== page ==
College Essay About Irish Dance

Hi, this essay is a response to the CommonApp personal essay prompt number 5: A range of academic interests, personal perspectives, and life experiences adds much to the educational mix. Given your personal background, describe an experience that illustrates what you would bring to the diversity in a college community, or an encounter that demonstrated the importance of diversity to you.

Comments and critiques on my essay would be great appreciated. I have to send this in by Tuesday. Also, does this essay answer the prompt? Or should I choose the topic of choice option instead? Thanks!

We all walked onto the stage, our faces smiling widely beneath large wigs of curled hair, a parade of bright knee-length dresses lined up in a row. As I took my place in line, I reviewed my dance steps in my head. I watched the first two girls dance a successful routine, then finish. As my time grew closer, my heart started to pound in my chest. This was my first competition and nervousness accompanied my excitement. I walked to the center of the stage and counted down the beats. I pointed my toe, lifted my head, and took off as the next bar of music began. I danced across the stage to the rhythm of the music, enjoying the excitement of Irish dance

Irish culture has always been a part of my life due to my Irish heritage. I grew up listening to Irish music. Unlike my peers, who collected posters of Backstreet Boys and Brittney Spears, my childhood hero was Tommy Peoples, a master fiddler of the Donegal style of music.

I began to learn fiddle at the age of seven through the patience and instruction of the members of a local traditional Irish music band that I joined. I have many fond memories of playing with this group and attending various Irish music workshops with them. One of my favorite memories is when I had the opportunity to travel to Ireland with them and my family for three weeks of Irish music instruction. Being able to experience Irish culture first-hand was an experience I'll never forget.

Over the years I was always captivated by Irish dancers, with their quick, lively steps and the amazing choreography that matched the energy of Irish music. I thought that if there was one thing better than playing Irish music, it must be dancing to it. When I was at the age of fourteen, I began to search for local instructors to take lessons from. Unfortunately, I lived in a very small town, surrounded by other small towns. Consequently, there was not an abundance of Irish culture nearby and no dance instructors.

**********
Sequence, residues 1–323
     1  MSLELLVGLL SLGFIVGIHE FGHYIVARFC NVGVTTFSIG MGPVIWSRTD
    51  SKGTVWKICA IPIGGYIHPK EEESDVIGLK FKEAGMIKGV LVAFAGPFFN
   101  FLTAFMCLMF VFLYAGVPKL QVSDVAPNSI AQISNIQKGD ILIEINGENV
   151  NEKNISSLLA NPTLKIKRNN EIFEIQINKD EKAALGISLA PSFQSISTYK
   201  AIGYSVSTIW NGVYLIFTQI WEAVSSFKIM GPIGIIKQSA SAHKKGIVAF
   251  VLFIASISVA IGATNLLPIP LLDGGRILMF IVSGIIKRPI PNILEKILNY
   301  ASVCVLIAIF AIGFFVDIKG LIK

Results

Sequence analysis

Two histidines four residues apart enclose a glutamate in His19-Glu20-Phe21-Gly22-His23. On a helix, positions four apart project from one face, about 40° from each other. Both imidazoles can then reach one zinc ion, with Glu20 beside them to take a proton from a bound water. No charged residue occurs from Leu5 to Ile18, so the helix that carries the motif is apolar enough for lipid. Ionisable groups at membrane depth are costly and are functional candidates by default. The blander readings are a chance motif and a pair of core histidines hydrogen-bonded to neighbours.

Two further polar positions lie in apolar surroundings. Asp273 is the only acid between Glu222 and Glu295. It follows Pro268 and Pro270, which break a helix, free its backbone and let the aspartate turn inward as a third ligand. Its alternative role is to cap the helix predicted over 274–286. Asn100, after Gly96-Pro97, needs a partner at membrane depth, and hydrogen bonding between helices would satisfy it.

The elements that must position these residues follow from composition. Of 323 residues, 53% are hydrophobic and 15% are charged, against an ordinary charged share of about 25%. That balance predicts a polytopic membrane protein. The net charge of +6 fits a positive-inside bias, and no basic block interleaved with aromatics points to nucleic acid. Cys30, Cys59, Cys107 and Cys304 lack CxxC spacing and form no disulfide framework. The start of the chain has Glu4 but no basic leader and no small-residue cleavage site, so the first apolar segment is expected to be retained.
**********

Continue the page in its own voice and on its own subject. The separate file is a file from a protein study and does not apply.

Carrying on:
However, I learned some Irish dance steps from an instructional video my parents bought for me after I expressed my great desire to learn how to Irish dance. I would practice often and perform for my friends, who wanted me to teach them some steps. But when I was sixteen, my family and I moved from southern Illinois to central Kentucky, where opportunity would present itself. I had worn out my instructional dance video by then, and fortunately I heard about the Kentucky McTeggart Irish Dance School in Lexington, only forty minutes from my house. I contacted the school and talked to one of the instructors. I was afraid I was too old to start, most dancers begin at a very young age. But she was very welcoming and said my age would not be a problem, although I would be in the beginner class with five- to ten-year-olds at first. While that might have been an issue with some girls my age, I didn't mind, but gladly joined in the classes with the younger girls, eventually becoming comfortable enough in my skills to help some of the youngest with their steps. There was so much more to Irish dancing than I had realized from the video, but I knew that if I worked hard and stuck with it, I would move up in the ranks quickly. A few months after starting, that's exactly what happened and I was invited to join in the figures class with older girls. Figures are dances made up of two to eight dancers, all performing the same dance at once. Soon after that, I had the chance to perform with the figure class, and eventually moved up to intermediate class for solos as well.

A year after starting dance, I decided to compete in a Feisanna, an Irish dance competition. A lot of other girls from the McTeggart school were going and I knew it would be a great experience. I practiced my five solos vigorously in the weeks leading up to the competition. At the competition, I wasn't sure how I would perform against the more experienced dancers, but I tried my very best. Surprisingly, I came out with three medals: two first places and one second. My instructors were very pleased; I found out from them that it's rare for someone to get so many medals at a Feisanna.